I can feel it inside of me. Its blanket of darkness covers me and holds me down until I can barely breathe. I push, kick and scream; I know I can’t win but I will never stop fighting it. I don’t know why. Others have the ability to see it too but I don’t want them to. If I am to survive, I must find a way to hide it from them.
Sometimes it’s so loud and clings to every part of my body, melting into the crevasses of my skin. We become one and it defines me. Other times, I am able to push it deep within me and it becomes quiet and obedient, it’s voice barely above the rustling of trees. But…it never leaves. It stays with me like an inoperable tumor; I just hope that it doesn’t kill me.
We moved when I was 9. Everything was supposed to better. Better house, better school, better people. I loved the trailer we lived in and the diverse group of people that surrounded us. I even loved my school and teachers. I couldn’t imagine a different kind of life but if there was one better than this then it must be fantastic.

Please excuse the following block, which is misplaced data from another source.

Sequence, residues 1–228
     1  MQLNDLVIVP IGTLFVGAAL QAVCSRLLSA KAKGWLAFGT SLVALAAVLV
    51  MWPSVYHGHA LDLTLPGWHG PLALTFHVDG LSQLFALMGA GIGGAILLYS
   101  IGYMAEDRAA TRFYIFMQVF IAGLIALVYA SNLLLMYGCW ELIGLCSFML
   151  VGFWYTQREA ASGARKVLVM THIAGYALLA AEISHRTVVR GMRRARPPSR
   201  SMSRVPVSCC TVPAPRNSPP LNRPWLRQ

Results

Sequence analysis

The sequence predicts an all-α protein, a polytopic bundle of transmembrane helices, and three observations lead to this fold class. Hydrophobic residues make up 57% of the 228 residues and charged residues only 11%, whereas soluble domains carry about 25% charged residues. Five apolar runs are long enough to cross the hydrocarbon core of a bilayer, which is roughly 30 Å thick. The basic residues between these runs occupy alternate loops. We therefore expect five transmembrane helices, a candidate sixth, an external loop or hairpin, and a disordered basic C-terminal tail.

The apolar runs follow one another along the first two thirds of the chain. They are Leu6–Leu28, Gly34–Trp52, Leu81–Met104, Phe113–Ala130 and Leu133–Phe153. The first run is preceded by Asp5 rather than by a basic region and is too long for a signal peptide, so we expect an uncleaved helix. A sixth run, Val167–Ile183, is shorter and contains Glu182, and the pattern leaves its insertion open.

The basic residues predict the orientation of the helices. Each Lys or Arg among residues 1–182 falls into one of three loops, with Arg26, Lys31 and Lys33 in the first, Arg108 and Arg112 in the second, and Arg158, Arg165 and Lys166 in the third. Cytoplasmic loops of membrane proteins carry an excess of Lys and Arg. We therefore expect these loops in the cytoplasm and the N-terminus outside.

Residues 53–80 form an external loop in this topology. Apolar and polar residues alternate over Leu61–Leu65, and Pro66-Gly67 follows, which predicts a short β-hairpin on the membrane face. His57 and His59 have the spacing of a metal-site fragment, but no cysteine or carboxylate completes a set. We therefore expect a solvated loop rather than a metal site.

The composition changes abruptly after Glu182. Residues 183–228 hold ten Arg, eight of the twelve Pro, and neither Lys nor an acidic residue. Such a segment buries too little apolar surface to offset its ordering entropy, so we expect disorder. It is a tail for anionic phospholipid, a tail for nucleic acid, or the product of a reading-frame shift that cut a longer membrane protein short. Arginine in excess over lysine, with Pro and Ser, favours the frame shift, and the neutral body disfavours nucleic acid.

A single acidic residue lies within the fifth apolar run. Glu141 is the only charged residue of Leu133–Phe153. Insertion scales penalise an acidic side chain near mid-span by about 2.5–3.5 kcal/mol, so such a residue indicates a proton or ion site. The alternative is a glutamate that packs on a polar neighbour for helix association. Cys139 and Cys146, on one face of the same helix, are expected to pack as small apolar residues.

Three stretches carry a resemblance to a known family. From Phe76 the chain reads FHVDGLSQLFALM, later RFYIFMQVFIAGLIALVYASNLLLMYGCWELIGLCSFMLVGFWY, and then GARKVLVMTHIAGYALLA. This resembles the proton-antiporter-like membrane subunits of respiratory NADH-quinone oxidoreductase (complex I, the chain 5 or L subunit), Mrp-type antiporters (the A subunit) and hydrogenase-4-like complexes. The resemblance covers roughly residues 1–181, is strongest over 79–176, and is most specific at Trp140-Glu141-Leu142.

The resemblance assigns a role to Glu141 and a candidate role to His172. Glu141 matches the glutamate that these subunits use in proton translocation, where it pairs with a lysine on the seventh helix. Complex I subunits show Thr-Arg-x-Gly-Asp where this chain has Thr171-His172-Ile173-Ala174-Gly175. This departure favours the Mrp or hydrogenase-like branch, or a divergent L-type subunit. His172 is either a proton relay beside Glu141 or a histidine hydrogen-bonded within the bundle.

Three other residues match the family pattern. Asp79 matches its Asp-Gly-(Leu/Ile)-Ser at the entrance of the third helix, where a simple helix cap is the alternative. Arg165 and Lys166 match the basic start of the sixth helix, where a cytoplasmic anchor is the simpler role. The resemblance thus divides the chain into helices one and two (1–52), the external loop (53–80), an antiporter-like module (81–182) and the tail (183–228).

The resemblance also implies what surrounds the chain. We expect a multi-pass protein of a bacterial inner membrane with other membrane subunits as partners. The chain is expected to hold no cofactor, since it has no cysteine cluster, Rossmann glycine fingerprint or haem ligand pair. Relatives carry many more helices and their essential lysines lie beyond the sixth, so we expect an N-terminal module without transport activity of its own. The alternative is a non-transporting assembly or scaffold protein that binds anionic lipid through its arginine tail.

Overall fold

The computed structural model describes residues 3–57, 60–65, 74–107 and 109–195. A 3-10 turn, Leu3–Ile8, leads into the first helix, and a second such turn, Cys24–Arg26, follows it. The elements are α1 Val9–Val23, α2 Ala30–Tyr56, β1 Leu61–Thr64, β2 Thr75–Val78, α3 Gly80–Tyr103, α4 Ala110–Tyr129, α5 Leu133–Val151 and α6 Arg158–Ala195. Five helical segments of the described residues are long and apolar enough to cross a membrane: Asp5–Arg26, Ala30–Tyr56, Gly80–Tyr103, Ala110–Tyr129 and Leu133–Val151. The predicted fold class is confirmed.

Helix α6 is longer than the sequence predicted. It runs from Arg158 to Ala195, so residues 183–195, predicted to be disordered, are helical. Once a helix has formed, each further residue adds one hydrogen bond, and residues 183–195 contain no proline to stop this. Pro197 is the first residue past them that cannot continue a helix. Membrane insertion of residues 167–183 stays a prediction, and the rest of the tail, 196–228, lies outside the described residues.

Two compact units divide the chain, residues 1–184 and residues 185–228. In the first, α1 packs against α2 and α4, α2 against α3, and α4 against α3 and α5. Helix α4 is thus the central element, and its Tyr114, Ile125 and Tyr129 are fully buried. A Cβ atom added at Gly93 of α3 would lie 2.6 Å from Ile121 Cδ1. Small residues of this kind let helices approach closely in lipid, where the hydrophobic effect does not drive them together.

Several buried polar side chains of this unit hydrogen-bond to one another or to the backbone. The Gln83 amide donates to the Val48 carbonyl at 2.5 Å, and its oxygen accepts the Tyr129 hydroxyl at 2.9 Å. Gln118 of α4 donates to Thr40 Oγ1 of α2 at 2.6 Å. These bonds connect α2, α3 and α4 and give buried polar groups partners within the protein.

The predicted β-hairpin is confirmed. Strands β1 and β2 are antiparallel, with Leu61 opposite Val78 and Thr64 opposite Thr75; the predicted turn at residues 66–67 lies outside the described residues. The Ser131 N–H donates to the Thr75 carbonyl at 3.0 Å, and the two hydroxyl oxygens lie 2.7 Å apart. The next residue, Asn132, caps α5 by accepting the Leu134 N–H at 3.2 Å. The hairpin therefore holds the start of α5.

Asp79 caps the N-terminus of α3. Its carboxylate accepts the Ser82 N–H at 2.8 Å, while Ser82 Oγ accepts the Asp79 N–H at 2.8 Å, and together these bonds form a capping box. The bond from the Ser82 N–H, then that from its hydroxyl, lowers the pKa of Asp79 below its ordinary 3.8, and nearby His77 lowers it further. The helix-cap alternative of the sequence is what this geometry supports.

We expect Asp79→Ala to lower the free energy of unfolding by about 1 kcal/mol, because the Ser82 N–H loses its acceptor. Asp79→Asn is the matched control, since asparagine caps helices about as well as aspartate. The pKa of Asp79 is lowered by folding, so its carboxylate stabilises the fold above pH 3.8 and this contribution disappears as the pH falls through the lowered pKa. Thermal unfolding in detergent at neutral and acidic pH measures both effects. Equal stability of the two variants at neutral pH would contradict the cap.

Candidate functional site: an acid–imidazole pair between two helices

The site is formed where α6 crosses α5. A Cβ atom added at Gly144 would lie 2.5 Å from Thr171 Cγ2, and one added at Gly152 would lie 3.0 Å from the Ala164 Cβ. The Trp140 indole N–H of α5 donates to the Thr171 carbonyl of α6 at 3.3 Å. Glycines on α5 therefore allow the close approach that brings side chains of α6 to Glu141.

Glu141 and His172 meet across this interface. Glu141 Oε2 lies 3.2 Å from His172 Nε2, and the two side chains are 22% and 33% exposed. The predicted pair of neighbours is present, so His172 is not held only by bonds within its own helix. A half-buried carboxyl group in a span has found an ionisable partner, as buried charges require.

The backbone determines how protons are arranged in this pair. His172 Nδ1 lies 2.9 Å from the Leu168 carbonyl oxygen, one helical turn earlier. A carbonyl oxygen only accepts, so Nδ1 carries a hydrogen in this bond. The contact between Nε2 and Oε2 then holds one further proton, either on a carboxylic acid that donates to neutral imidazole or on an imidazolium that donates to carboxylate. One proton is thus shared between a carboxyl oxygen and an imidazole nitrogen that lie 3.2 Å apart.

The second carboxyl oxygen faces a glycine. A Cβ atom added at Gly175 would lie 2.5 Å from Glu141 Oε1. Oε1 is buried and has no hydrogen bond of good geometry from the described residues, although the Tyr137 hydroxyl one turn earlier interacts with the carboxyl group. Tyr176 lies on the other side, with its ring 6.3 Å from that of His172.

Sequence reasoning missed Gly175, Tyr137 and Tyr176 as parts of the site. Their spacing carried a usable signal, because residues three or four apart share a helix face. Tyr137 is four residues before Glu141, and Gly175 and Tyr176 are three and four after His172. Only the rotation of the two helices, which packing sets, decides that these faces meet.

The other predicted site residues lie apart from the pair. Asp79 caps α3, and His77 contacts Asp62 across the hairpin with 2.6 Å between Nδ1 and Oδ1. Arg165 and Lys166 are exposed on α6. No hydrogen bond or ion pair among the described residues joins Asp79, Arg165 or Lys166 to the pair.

What I came to find out was that better school meant wealthier and that better people were ones that were boring and all acted and looked the same. I discovered I was a little behind the curriculum and I struggled to keep up. My teacher didn’t want to waste her time on a nobody like me and the kids laughed at my hand me down clothes. I wasn’t accepted socially or academically.
It was the first time I realized I carried this burden of stupidity. Like a parent with a hormonal teenage, I didn’t know what to do with it at first. I wanted to get rid of it but I didn’t know how. By the time I realized I had it, I was already branded with it. I decided the best thing to do was to blend in and hide what was so easy to see, so I became quiet. I didn’t answer any questions in class out of fear of getting the wrong answer. I only spoke when spoken to, that is until I met Lorin half way throughout the year. My first friend! She was new like me and didn’t laugh at my clothes.